Reformed Reflections

Has Sin and Repentance Left the Pulpits?


You must accept Jesus as your personal Saviour. 

This phrase, though popularly used by evangelicals, is not found in Scripture. It also ignores an essential element of the Gospel, namely repentance. Today men and women are properly told to confess their sins and to seek forgiveness, but they are not informed about the need for repentance. Few indeed are the sermons that stress repentance. The result? The cross becomes a token of sentimental love rather than God's only provision for salvation. And the old way of life of the natural man continues, while adding Jesus as a personal insurance policy for the life to come. 

Repentance is not a peripheral teaching in Scripture. The disciples went out "and preached that people should repent" (Mark 6:12). Paul said to King Agrippa "I preached that they should repent and turn to God and prove their repentance by their deeds" (Acts 26:20). The converted man feels brokenhearted about his sin, confesses his guilt and seeks restitution. Perhaps the best example of this change of heart and attitude is Zaccheus. Encountering him, Jesus turned him from thievery to philanthropy. 

Repentance today is largely ignored because there is so little awareness of sin, so little understanding of the holiness and justice of God. Modern man sees sin as the inevitable slip of creatures who cannot help themselves. The "repent or perish" at the hands of the holy and just God confrontation seems foreign to the man who glories in his independence and feels quite confident without God. 

Repentance is difficult as we are always very ready to limit others. Everyone else is guilty except us. Our own sins are not so easily visible to us. The sins of the neighbours are noticed much quicker than our own. Pride tries to prevent us from crossing the threshold of self-love. But the kingdom of God belongs only to those who humbly confess their need for God.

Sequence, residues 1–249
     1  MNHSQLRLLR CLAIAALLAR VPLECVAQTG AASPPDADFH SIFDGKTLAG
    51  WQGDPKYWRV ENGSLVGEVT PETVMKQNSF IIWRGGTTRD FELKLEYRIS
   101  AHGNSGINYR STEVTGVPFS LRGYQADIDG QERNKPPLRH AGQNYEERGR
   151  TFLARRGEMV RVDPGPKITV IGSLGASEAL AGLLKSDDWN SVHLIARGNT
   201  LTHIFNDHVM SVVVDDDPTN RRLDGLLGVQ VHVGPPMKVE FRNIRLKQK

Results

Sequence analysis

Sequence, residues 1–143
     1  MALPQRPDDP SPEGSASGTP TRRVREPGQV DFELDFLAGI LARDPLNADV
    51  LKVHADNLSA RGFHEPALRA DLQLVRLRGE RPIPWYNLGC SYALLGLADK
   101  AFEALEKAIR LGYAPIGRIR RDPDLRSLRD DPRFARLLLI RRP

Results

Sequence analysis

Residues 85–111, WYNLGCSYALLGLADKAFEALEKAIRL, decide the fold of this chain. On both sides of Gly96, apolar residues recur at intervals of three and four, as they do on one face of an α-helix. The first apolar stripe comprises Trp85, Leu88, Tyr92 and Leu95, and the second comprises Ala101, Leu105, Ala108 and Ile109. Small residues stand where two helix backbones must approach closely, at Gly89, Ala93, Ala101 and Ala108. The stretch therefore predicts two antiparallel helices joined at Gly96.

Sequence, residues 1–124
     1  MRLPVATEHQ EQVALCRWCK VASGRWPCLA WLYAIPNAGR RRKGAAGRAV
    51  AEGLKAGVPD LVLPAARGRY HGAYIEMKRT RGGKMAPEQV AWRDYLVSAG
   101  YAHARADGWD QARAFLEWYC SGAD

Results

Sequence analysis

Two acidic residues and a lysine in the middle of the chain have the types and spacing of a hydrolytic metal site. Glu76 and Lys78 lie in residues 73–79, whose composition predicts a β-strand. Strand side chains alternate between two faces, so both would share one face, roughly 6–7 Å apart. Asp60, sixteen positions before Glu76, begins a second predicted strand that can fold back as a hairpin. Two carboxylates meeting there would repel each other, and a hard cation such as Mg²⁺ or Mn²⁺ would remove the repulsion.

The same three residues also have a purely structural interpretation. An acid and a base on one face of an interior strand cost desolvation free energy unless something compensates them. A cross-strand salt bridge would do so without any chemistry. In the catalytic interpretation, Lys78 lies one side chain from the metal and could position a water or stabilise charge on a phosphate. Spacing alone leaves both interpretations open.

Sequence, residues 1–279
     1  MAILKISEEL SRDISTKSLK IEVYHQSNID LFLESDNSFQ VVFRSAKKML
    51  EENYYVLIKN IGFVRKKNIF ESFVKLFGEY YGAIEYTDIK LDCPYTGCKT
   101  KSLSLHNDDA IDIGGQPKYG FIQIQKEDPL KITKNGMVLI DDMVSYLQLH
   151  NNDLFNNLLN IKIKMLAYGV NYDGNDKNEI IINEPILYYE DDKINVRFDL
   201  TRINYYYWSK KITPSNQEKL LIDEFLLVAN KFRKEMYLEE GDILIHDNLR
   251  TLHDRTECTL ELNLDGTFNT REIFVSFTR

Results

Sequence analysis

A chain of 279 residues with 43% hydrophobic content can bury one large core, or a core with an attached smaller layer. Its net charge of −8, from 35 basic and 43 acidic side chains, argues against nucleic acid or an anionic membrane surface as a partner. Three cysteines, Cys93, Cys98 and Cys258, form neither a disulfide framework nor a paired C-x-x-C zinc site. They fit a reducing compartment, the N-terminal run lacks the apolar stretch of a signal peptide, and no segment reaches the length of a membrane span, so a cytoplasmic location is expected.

The church fathers all noted how humility was a must for genuine repentance. The greatest psychologist among them said that the first step towards liberation and truth is humility, the second humility and also the third humility, and so often as you ask me, I shall give you the same answer. St. Augustine spoke with the voice of experience. The history of his own conversion had taught him how pride stands in our way, but also how much light and strength we receive through a humble and contrite prayer to God. 

But not only individuals are called to repentance. There is also national repentance; the call for nations to turn to God. The greatness of a people doesn't lie in the largeness of its gross national product. It is found on the level of its inner development. Repentance opens up paths of new relationships with other nations, and it will lead from talk to action. 

Alexander Solzhenitsyn raised the question whether or not it is sensible to expect repentance from a whole nation. His answer: A nation can no more live without sin than can an individual. He also believes that national repentance is now a matter of life and death. We must stop blaming everyone else – our neighbours and some distant people – for all the ills of the world. Repentance is the only starting point for spiritual growth.

National repentance has taken place in the story of warring mankind. And history can repeat itself. The Evangelical Church in Germany in 1945, in the well-known document called the "Stuttgart Confession of Guilt," confessed the culpability of the church and the German people for all the terrible things that happened in Germany and had been committed by its people. The document said: We have believed too little, confessed too little, loved too little, otherwise all this could not have happened. The German theologian Helmut Thielicke reported that, as a consequence, what happened was the incomprehensible miracle that in the midst of a feuding and self-accusing world, something like a fellowship of sinners dependent upon forgiveness came into being. 

We need to hear from our pulpits, a call for individual and national repentance and a confession of guilt, which should lead to the seeking of God in Christ. If we do not change, the scenario of Oswald Spengler's book, The Decline of the West, depicting the fading and extinction of the Western civilization, may well become true. "Righteousness exalteth a nation: but sin is a reproach to any people" (Prov.14:34).


Rev. Johan D. Tangelder
March, 1981